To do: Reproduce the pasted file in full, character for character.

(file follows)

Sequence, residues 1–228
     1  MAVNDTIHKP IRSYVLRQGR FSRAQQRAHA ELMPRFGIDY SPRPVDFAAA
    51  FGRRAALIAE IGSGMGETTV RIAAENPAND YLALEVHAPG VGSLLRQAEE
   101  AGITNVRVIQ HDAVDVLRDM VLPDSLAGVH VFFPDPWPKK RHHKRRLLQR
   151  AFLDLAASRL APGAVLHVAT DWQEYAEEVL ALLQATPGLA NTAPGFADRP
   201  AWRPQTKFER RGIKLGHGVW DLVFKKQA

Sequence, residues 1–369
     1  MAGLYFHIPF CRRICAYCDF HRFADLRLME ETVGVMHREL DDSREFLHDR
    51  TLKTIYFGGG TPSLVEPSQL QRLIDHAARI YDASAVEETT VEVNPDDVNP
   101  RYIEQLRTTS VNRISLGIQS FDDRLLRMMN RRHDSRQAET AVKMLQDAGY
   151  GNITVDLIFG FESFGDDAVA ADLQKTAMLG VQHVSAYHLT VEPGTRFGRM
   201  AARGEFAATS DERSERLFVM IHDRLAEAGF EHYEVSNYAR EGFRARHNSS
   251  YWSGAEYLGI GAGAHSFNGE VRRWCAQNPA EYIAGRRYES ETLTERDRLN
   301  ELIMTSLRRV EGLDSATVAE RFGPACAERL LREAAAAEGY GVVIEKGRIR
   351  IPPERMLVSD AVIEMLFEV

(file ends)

Sequence, residues 1–228
     1  MAVNDTIHKP IRSYVLRQGR FSRAQQRAHA ELMPRFGIDY SPRPVDFAAA
    51  FGRRAALIAE IGSGMGETTV RIAAENPAND YLALEVHAPG VGSLLRQAEE
   101  AGITNVRVIQ HDAVDVLRDM VLPDSLAGVH VFFPDPWPKK RHHKRRLLQR
   151  AFLDLAASRL APGAVLHVAT DWQEYAEEVL ALLQATPGLA NTAPGFADRP
   201  AWRPQTKFER RGIKLGHGVW DLVFKKQA

Sequence, residues 1–369
     1  MAGLYFHIPF CRRICAYCDF HRFADLRLME ETVGVMHREL DDSREFLHDR
    51  TLKTIYFGGG TPSLVEPSQL QRLIDHAARI YDASAVEETT VEVNPDDVNP
   101  RYIEQLRTTS VNRISLGIQS FDDRLLRMMN RRHDSRQAET AVKMLQDAGY
   151  GNITVDLIFG FESFGDDAVA ADLQKTAMLG VQHVSAYHLT VEPGTRFGRM
   201  AARGEFAATS DERSERLFVM IHDRLAEAGF EHYEVSNYAR EGFRARHNSS
   251  YWSGAEYLGI GAGAHSFNGE VRRWCAQNPA EYIAGRRYES ETLTERDRLN
   301  ELIMTSLRRV EGLDSATVAE RFGPACAERL LREAAAAEGY GVVIEKGRIR
   351  IPPERMLVSD AVIEMLFEV